drugs healthcare

Big Pharma Greed: Monetary Settlements

With all of the settlements that Big Pharma has to pay, one might conclude that the industry is not stable enough to support itself; however, drug companies are experiencing growth and are commonly found on the Fortune 500 List (Law, 2006). According AlterNet, “Pharmaceutical companies have been hit with $14.8 billion in wrongdoing settlements in the last five years. But that’s still cheaper for Big Pharma than going about things the old-fashioned, legal way. So the fraud continues” (Rosenberg, np, 2010). Compared to what drug companies make annually, their settlements are a mere fine. An AstraZeneca settlement was $302 million because they were paying doctors to prescribe Seroquel®, an anti-psychotic drug, for unapproved uses. The one-time fee of $302 million dollars does not compare to their annual income of $32.8 billion. A Pfizer settlement was $2.3 billion for violations of the Food, Drug and Cosmetic Act due to excessively prescribing Bextra®, a painkiller, for uses not approved by the FDA. The $2.3 billion settlement is a rarity, but Pfizer is a larger company that makes $50 billion annually (Landman, 2010).

One of the smaller settlements was a Johnson & Johnson settlement for $700,000, which was the most severe in terms of health endangerment but yet the lowest in numerical value. Information about Levaquin® was withheld from the public; Levaquin® is a bacterial infection antibiotic. The settlement included over 2,600 claims surrounding Levaquin® (Llamas, 2016). On top of the settlement being one of the smallest and encompassing the numerous claims, Johnson & Johnson makes around $61.89 billion.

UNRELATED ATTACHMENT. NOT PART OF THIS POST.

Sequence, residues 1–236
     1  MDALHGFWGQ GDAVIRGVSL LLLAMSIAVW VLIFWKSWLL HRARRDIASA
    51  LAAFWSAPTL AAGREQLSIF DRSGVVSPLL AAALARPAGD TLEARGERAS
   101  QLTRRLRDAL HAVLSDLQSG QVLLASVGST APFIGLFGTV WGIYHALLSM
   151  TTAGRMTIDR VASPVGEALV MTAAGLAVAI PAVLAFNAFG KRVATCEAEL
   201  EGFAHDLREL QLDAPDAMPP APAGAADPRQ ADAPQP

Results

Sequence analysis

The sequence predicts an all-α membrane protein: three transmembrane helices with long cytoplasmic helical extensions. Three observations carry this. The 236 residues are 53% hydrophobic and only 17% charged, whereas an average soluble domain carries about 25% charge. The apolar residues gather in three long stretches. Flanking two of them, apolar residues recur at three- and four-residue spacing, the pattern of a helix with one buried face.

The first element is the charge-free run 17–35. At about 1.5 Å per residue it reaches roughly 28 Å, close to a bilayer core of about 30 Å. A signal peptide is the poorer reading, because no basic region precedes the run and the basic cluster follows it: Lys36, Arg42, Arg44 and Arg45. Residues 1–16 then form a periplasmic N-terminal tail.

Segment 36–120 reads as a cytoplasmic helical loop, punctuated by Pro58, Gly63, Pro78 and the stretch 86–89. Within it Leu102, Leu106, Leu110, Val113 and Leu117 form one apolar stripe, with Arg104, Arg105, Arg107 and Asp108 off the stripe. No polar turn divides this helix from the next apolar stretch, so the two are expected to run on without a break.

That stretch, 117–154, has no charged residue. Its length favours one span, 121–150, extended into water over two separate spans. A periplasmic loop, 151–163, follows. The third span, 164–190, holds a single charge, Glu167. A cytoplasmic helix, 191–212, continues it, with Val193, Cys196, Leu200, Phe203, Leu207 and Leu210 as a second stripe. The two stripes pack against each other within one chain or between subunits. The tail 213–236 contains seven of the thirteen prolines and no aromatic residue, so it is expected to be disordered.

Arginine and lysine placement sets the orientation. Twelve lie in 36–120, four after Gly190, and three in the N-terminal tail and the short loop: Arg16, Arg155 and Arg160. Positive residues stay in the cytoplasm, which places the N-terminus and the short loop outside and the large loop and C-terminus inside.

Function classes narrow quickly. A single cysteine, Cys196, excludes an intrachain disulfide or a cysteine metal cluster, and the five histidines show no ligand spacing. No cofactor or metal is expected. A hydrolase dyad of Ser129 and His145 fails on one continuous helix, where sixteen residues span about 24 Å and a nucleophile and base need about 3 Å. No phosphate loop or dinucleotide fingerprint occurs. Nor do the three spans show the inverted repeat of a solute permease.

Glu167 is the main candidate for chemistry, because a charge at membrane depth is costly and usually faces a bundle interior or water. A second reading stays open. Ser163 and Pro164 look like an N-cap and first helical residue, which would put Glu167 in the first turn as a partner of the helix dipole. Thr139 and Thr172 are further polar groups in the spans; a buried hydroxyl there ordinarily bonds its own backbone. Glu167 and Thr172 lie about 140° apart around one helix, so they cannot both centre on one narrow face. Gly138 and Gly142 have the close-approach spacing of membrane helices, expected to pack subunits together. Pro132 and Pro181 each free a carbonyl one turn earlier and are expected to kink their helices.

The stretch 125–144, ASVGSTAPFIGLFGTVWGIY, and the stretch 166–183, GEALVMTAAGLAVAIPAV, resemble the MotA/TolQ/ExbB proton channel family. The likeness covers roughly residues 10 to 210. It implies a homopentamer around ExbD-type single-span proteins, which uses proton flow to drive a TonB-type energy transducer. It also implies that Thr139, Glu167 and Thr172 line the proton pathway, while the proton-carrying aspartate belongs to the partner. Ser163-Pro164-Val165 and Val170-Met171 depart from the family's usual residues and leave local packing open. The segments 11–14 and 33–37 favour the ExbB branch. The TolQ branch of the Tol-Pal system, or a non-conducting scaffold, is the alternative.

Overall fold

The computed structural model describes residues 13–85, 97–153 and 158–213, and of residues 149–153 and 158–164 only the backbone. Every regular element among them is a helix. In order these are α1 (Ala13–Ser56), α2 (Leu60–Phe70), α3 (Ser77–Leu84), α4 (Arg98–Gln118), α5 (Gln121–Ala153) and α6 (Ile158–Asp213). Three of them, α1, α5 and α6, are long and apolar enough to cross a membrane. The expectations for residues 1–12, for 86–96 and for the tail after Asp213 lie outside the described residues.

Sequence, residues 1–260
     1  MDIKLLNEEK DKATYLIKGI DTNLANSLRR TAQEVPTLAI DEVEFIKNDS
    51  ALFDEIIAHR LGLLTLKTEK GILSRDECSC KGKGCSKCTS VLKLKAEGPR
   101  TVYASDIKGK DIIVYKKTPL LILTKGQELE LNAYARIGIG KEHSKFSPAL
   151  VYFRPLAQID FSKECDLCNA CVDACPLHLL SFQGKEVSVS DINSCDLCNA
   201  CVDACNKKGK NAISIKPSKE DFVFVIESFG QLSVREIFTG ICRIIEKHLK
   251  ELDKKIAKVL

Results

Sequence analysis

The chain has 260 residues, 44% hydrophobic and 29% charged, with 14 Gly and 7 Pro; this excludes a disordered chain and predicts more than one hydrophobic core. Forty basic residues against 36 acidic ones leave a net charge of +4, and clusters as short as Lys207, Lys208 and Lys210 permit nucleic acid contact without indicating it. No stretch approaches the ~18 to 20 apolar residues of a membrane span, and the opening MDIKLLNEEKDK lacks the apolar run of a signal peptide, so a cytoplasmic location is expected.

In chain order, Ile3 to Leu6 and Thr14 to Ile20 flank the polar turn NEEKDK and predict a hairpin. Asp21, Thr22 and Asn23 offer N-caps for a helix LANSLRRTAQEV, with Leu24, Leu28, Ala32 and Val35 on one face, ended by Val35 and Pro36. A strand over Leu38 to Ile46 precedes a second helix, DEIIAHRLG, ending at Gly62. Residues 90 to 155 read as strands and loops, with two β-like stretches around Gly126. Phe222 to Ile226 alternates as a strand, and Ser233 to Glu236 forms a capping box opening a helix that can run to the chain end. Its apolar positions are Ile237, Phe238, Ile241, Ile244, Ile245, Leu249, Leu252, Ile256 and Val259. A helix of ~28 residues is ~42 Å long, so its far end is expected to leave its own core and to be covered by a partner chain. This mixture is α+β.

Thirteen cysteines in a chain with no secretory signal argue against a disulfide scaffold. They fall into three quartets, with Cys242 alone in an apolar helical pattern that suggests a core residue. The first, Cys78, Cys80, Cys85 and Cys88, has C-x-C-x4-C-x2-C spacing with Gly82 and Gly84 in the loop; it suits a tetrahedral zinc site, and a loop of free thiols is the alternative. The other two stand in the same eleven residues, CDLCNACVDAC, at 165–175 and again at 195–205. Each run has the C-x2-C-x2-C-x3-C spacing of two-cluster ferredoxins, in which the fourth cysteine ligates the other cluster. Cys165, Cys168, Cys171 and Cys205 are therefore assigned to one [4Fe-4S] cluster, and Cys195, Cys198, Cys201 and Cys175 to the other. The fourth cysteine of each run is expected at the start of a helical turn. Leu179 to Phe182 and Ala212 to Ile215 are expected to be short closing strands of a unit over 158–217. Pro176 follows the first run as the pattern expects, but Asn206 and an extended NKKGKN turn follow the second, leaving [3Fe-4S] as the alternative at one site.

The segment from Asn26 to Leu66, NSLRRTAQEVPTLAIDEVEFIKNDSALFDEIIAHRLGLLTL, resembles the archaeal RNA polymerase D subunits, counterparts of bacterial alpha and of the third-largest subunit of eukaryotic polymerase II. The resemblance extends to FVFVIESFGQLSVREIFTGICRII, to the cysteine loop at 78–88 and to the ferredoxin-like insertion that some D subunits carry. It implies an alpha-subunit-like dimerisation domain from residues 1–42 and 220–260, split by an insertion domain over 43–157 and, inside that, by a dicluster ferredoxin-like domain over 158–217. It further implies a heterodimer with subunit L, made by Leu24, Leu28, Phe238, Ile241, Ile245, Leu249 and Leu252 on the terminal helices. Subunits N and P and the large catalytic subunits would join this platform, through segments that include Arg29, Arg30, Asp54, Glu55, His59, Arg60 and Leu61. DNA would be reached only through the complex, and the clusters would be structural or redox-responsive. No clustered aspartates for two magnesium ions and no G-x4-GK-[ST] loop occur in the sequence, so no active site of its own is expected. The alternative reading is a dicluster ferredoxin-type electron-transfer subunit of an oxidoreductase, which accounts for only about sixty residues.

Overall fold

Pharmaceutical Companies fail to acknowledge the well-being of their patients and in-turn fail to treat them to the capabilities that modern technology allows. Hedgecoe and Martin (2013) examine the two visions that are emerging within the pharmaceutical industry. A field of study that researches and implements trials around genetically personalized drugs is forming in the mist of debate and controversy. Their essay explores the field of pharmacogenetics and how it has two possible ways of developing into an industry that can reduce the number of adverse drug reactions (ADRs). The way in which scientists are striving to achieve this is in one of two ways: either 1. study the genetic make-up of diseases and alter the drugs accordingly, or 2. study the patient’s genome and make a drug solely for them. The goal of distributing personalized drugs to patients is to reduce the side-effects which will lower the number of low suits against drug companies.


Hedgecoe, A. & Martin, P. (2013). The Drugs Don’t Work. Social Studies Of Science, 33(3), 327-364. doi:10.1177/03063127030333002

Landman, A. (2010). Pfizer and the Big Pharma Felons. PR Watch. Retrieved from

Law, J. (2006). Big pharma (1st ed.). New York, NY: Carroll & Graf.

Llamas, M. (2016). FDA Says Risks May Outweigh Benefits for Antibiotics

Levaquin, Cipro. DrugWatch. Retrieved from

Rosenberg, M. (2010). 15 Dirty Big Pharma Tricks That Rip You Off and Risk Your Health for Profit. AlterNet. Retrieved from